This blog post originally appeared on RealMoney Silver on Sept. 21 at 8:03 a.m. EDT.
Being convicted in a view or in a series of views is important and a key to superior investment performance, but controlling risk at times of strategic misdirection can be equally important. Almost as critical a determinant of portfolio management as making money when your expectations are accurate and your portfolio is properly structured is dealing with how you handle yourself as an investment manager when you are wrong.
While you wouldn't necessarily know it by watching the business media, in which it appears that nearly every talking head missed the 2008 stock equity market collapse and bought the March 2009
, over the course of one's investing/trading career, we all get out of sorts. And in a market that for 2008 and 2009 seems to have been a one-way street (down in 2008 and up over the last six months), money management and discipline is critical to surviving the extreme moves in momentum.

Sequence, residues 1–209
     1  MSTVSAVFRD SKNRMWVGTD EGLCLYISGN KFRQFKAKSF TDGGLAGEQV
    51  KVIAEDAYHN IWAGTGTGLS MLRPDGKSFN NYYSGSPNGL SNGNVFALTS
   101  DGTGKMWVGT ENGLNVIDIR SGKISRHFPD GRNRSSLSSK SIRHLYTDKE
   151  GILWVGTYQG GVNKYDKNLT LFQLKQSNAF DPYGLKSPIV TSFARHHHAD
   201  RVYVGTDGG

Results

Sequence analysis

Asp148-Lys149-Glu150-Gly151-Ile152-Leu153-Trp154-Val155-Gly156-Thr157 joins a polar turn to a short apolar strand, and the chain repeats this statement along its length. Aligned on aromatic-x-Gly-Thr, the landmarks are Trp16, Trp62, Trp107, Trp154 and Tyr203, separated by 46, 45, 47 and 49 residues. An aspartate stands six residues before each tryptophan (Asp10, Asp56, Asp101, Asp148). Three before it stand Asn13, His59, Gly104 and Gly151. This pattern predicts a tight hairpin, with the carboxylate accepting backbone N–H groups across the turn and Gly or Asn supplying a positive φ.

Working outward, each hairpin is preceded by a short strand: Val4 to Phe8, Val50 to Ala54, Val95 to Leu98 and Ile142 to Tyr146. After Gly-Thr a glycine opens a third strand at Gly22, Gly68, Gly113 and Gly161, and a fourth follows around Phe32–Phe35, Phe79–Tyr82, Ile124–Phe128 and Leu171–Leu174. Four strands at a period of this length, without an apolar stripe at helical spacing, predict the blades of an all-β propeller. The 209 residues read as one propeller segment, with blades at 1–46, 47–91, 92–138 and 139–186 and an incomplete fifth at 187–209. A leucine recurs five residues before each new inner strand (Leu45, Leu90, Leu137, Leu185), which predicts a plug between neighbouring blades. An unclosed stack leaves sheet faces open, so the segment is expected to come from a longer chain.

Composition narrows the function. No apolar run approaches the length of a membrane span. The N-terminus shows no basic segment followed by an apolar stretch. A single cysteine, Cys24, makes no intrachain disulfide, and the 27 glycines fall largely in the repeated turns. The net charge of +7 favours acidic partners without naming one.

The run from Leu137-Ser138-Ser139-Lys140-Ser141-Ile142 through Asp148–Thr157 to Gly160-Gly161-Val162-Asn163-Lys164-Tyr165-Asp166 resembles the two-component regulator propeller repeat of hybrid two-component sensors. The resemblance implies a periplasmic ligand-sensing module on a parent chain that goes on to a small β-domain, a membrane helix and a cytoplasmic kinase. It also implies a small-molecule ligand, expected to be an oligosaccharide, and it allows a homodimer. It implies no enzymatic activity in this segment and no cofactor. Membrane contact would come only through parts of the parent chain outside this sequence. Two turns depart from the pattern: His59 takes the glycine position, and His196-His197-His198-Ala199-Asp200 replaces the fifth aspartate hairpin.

Here are six of my strategies to avoid large losses when your tactical view is wrong:
- Always stay on top of individual stock fundamentals by talking to management, the competition and company analysts and industry specialists.
- Use out-of-the-money puts/calls as protection, especially with high-beta stocks.
- Do not press losing positions.
- Accelerate the review of every portfolio holding by rechecking the fundamentals at a 5% to 7% loss, and, regardless of those fundamentals, automatically reduce positions as they approach a 10% loss.
- Maintain a diversified portfolio. (I limit my shorts to 2% positions and my longs to 3% positions.)
- Never employ leverage.
In conclusion, always remember that, by definition, the crowd usually defeats the remnants, and staying in the game when you are incorrectly positioned is almost as important as enjoying a period of investment prosperity.
Remember, it's really awful to lose opportunity, but what is even worse is to lose capital.
Doug Kass writes daily for
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